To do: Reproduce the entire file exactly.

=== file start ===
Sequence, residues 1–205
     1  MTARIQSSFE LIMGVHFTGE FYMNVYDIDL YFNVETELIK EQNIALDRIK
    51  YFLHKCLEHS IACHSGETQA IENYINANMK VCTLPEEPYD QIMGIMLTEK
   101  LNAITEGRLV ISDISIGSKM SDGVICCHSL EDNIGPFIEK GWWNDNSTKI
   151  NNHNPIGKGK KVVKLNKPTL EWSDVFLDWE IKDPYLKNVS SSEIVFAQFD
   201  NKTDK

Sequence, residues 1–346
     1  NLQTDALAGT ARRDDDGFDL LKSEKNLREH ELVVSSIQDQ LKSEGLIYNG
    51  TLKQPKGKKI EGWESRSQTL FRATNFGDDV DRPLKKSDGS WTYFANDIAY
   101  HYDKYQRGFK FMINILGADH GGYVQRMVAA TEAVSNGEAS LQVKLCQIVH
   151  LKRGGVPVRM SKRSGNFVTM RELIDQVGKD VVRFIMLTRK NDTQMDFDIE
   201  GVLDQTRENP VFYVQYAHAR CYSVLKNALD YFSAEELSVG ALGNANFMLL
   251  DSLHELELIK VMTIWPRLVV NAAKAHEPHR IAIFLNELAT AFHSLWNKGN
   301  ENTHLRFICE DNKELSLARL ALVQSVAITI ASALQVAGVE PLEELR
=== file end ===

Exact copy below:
Sequence, residues 1–205
     1  MTARIQSSFE LIMGVHFTGE FYMNVYDIDL YFNVETELIK EQNIALDRIK
    51  YFLHKCLEHS IACHSGETQA IENYINANMK VCTLPEEPYD QIMGIMLTEK
   101  LNAITEGRLV ISDISIGSKM SDGVICCHSL EDNIGPFIEK GWWNDNSTKI
   151  NNHNPIGKGK KVVKLNKPTL EWSDVFLDWE IKDPYLKNVS SSEIVFAQFD
   201  NKTDK

Sequence, residues 1–346
     1  NLQTDALAGT ARRDDDGFDL LKSEKNLREH ELVVSSIQDQ LKSEGLIYNG
    51  TLKQPKGKKI EGWESRSQTL FRATNFGDDV DRPLKKSDGS WTYFANDIAY
   101  HYDKYQRGFK FMINILGADH GGYVQRMVAA TEAVSNGEAS LQVKLCQIVH
   151  LKRGGVPVRM SKRSGNFVTM RELIDQVGKD VVRFIMLTRK NDTQMDFDIE
   201  GVLDQTRENP VFYVQYAHAR CYSVLKNALD YFSAEELSVG ALGNANFMLL
   251  DSLHELELIK VMTIWPRLVV NAAKAHEPHR IAIFLNELAT AFHSLWNKGN
   301  ENTHLRFICE DNKELSLARL ALVQSVAITI ASALQVAGVE PLEELR